SJ v SE (not yet reported)

/ / News, 2018, Customary Marriage, Family Law


In casu, the Respondent sought, inter alia, an order declaring that Rule 43 of the Uniform Rules of Court does not apply to Islamic marriages and in circumstances where a Talaq has been issued.


The parties were married to each other under Islamic Law and 2 (two) children were born of the marriage. Subsequently, the Respondent entered into a polygamous marriage with another woman, CB, and a child was also born of this marriage. The Applicant and CB maintained separate matrimonial homes with the Respondent residing interchangeably between the two. The Applicant eventually vacated her matrimonial home in or during June 2016 and as such, alleged that she had been without maintenance since then. She had no formal qualifications, other than a matric, and has not been able to work since leaving the matrimonial home having had to leave her motor vehicle behind, required for her to travel to work, hence the reason behind the Rule 43 application. A week before the Rule 43 application was to be heard, the Respondent issued a Talaq against the Applicant.


The Respondent contended that the parties’ marriage had been dissolved by the issuing of the Talaq and that the Rule 43 procedure was incompetent because the parties were no longer married. The Respondent further contended that once divorced, in terms of Islamic Law, the Applicant would only be entitled to maintenance from him for a period equivalent to 3 (three) menstrual cycles, primarily because, during this period, the Applicant may not enter into another marriage. The Applicant questioned the Respondent’s bona fides for issuing the Talaq on the eve of the hearing of the Rule 43 application.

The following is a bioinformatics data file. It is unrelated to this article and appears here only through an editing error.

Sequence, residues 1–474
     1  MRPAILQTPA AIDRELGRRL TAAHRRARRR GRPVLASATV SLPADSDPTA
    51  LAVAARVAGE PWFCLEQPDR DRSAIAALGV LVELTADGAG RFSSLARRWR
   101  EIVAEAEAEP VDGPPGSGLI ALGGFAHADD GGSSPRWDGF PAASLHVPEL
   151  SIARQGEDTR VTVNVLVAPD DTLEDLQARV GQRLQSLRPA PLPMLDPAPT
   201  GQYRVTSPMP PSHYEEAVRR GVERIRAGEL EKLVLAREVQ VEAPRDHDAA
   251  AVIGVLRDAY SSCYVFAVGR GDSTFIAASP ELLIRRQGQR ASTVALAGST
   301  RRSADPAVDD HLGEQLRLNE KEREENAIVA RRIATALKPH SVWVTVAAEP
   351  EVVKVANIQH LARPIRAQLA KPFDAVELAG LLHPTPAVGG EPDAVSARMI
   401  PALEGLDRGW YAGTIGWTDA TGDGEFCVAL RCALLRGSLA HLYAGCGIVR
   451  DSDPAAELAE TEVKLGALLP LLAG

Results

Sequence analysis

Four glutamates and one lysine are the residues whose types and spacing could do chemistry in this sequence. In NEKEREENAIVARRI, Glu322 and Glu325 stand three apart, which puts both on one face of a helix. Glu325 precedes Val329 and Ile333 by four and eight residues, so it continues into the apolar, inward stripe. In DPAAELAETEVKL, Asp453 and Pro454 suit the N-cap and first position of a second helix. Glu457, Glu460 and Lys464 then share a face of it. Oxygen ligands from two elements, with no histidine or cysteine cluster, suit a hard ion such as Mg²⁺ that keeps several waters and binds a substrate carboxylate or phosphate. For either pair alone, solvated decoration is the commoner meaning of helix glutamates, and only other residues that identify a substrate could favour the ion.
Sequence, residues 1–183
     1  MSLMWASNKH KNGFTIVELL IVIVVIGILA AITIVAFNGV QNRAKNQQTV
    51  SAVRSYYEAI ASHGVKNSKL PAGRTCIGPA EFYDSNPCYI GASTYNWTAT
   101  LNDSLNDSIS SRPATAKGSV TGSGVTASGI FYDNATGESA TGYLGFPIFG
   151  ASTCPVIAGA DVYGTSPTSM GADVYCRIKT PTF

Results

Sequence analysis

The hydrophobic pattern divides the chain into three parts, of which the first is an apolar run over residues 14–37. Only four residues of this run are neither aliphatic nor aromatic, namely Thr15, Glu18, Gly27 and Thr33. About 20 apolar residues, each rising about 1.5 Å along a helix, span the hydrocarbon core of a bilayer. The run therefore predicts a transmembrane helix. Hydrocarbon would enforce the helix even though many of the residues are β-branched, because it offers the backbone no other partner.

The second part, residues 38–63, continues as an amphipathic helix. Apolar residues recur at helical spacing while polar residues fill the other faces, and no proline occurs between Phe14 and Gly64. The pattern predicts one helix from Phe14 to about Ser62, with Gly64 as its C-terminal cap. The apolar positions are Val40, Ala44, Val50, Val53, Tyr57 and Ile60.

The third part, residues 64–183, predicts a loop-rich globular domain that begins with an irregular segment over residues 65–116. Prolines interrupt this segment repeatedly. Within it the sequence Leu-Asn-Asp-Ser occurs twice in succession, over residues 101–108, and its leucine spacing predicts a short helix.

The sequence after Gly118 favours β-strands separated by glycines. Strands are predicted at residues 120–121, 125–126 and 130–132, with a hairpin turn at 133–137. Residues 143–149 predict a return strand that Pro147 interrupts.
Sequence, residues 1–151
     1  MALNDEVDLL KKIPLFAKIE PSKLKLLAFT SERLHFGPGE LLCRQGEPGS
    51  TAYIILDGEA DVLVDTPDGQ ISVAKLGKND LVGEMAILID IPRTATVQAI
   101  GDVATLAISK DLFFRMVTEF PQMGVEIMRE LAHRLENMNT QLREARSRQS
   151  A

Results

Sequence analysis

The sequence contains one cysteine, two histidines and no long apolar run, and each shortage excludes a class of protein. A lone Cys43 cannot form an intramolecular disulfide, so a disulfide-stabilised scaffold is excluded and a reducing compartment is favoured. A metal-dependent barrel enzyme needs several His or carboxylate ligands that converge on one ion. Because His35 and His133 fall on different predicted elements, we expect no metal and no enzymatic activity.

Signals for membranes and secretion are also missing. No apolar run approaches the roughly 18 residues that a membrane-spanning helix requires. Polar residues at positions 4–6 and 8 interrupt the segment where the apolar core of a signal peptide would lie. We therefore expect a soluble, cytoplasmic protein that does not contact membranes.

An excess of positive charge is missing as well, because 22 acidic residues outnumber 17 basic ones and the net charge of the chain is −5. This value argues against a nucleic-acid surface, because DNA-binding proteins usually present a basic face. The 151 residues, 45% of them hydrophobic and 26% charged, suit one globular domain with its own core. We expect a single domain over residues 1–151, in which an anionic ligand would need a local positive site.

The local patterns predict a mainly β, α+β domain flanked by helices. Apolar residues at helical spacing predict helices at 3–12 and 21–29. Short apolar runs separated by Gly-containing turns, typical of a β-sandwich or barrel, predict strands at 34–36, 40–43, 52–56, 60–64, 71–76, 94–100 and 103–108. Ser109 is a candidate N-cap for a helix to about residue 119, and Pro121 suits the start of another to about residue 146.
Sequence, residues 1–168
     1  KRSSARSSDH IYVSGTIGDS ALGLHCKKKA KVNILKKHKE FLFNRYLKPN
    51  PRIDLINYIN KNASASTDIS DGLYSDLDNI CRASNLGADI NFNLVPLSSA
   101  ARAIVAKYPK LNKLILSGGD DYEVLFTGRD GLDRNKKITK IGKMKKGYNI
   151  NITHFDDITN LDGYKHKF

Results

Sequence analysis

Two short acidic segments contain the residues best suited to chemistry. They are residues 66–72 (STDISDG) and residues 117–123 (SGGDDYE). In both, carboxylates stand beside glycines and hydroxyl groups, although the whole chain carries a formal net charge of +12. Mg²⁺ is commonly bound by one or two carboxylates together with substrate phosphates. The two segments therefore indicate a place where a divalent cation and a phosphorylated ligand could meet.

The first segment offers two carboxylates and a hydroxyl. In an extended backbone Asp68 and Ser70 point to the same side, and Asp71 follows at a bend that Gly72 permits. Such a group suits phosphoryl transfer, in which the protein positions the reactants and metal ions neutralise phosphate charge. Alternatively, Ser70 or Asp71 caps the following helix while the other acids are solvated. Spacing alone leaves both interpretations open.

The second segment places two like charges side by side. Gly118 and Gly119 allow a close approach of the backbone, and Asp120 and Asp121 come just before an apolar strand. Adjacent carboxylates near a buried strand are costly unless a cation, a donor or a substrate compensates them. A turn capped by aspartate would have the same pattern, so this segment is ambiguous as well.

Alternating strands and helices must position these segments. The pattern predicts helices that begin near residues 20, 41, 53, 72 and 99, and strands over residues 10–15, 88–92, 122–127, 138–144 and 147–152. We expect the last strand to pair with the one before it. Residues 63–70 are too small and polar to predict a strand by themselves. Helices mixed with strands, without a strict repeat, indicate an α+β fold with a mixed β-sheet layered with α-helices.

It was noted by the Honourable Madam Justice Modiba that in the case, Ryland v Edros 1997 (2) SA 690 (CC), the Constitutional Court held that an Islamic marriage is a contract from which certain proprietary obligations flow which therefore provides an adequate reason to impose some of the consequences of a civil marriage on an Islamic marriage such as the obligation of maintenance. In Khan v Kahn 2005 (2) SA 272 (T), it was held that partners in Islamic marriages owe each other a duty of support, just as in civil marriages and, therefore, have the right to claim maintenance from one another in terms of the Maintenance Act 99 of 1998. In Hassam v Jacobs NO and Others 2009 (5) SA 572 (CC), the Constitutional Court extended the right to maintenance of a woman married under Islamic Law to a woman who is party to a polygamous Islamic marriage. Finally, in AM v RM 2010 (2) SA 223 (ECP), a woman married in terms of Islamic Law successfully claimed interim maintenance from her husband for herself and her minor daughter pending a divorce action that she instituted in terms of the Divorce Act 70 of 1979 and in circumstances where a Talaq has been issued.


Further, counsel for the Respondent argued that this case was distinguishable from AM v RM and for that reason, the principle therein was not applicable. He argued that in AM v RM, the wife challenged the validity of the Talaq whereas here, the Applicant did not challenge the validity of the Talaq and therefore accepted that she had been divorced and that the remedy provided for in that Rule was no longer available to her. However, since there was a pending divorce action which was initiated before the Talaq was issued, whether the Talaq was of any effect given the circumstances under which it was issued was an issue for determination in the divorce action and as such, this argument lacked relevance in the current proceedings.